19. RESEARCHING THE “COMMERCIALIZATION” OF THE Japanese STEEL-PRODUCING PROCESS USING TATARA DURING THE EDO PERIOD: sourced from: 1- History of Steel in Japan, by Eiho Nishida. 1973 2- An Iron Workers Community in Japan- A Study in the Sociology of Industrial Groups, by Kunio Odaka. 1950. The Japanese Tatara had gone through several stages of evolution to reach its “final stage” of development by the year 1691, that utilized a much improved, multi-person “see-saw” / “balance-type” bellows, with a hearth designed to retain heat. (1) These were staffed by a great number of both skilled workers, artisans, and less-skilled labour workers, who lived in dedicated communities of 50 to 200 people (including their families). (2) This final stage of development moved it from an outdoor small scale production output, to an indoor “industrial-scale” steel production with a complex of dedicated buildings that included: “The iron-cut, where iron sand was extracted; the charcoal yard; the smelter (see-saw Tatara); and the forge.” (2) “The forge consisted of a shop where the pig iron (cast-iron) was decarbonized and a finishing shop.” (2) “Commonly, work at the furnace continued for three or four nights at a time, during which workmen were not allowed to return to their homes.” (2) Using one of three different processes with this setup, three types of smelted metals could be produced (1): 1- “Kera” for swords 2- “Zuku” for casting (same as the “pig-iron” quoted above) 3- “Wrought iron” by decarburizing the Zuku or lower grade Kera These advanced indoor Tatara could produce steel blocks that weighed 4000-5000 pounds, which could then be broken up by a large hammer called a “DO” that was powered by a water wheel. (2) In 1853, the Japanese ban on building large ships was lifted, and in order to keep up with the increased demand for steel, the first Western style “blast-furnace” was built in 1857. So, in summary, the Japanese were able to make large scale quantities of cast-iron, as well as decarburize it to make it softer, since roughly the year 1700! (…rounded up from 1691) The introduction of the Western blast-furnace was only necessary to scale up production to even greater quantities, NOT in order to start the production. So, now we can add “OPPORTUNITY” on top of the already discussed “MOTIVE” for the production of cast-iron tsuba in the Edo period, as well as several EXAMPLES of cast tsuba that have been papered by NTHK or NBTHK. And just to add another MOTIVE for “mass-production” of tsuba, at least from the 1850s onwards (1):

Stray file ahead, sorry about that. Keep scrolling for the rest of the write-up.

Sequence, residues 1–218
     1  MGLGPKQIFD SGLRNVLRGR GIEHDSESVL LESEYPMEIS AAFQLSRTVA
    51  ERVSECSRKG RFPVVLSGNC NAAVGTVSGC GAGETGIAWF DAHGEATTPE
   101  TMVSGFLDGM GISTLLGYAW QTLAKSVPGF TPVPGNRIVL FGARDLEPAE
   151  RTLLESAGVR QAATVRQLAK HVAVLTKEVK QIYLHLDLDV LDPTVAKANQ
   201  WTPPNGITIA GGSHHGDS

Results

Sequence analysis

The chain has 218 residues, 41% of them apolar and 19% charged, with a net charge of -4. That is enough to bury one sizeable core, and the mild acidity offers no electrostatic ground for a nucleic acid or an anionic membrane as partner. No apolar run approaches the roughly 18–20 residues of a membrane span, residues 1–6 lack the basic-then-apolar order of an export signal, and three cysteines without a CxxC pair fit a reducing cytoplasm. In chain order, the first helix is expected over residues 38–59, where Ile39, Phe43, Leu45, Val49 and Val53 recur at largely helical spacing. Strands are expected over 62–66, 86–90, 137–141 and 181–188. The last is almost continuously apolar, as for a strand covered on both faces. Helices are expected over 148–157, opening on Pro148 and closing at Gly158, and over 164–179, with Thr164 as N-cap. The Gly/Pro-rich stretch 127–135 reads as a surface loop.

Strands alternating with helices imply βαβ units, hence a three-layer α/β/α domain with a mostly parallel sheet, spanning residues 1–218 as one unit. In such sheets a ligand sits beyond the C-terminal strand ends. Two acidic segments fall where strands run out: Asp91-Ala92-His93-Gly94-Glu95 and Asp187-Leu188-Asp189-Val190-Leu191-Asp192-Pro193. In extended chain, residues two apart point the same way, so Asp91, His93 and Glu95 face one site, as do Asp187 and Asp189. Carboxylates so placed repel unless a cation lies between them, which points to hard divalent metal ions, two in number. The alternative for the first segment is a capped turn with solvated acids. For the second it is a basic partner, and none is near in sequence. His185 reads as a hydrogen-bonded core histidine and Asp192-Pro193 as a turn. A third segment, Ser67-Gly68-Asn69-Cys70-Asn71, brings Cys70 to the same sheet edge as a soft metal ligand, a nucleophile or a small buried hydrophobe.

20. Sorry, couldn't resist... the resemblance is amazing though. Or maybe this tsubako was a fan of American football? (Not that it existed yet...)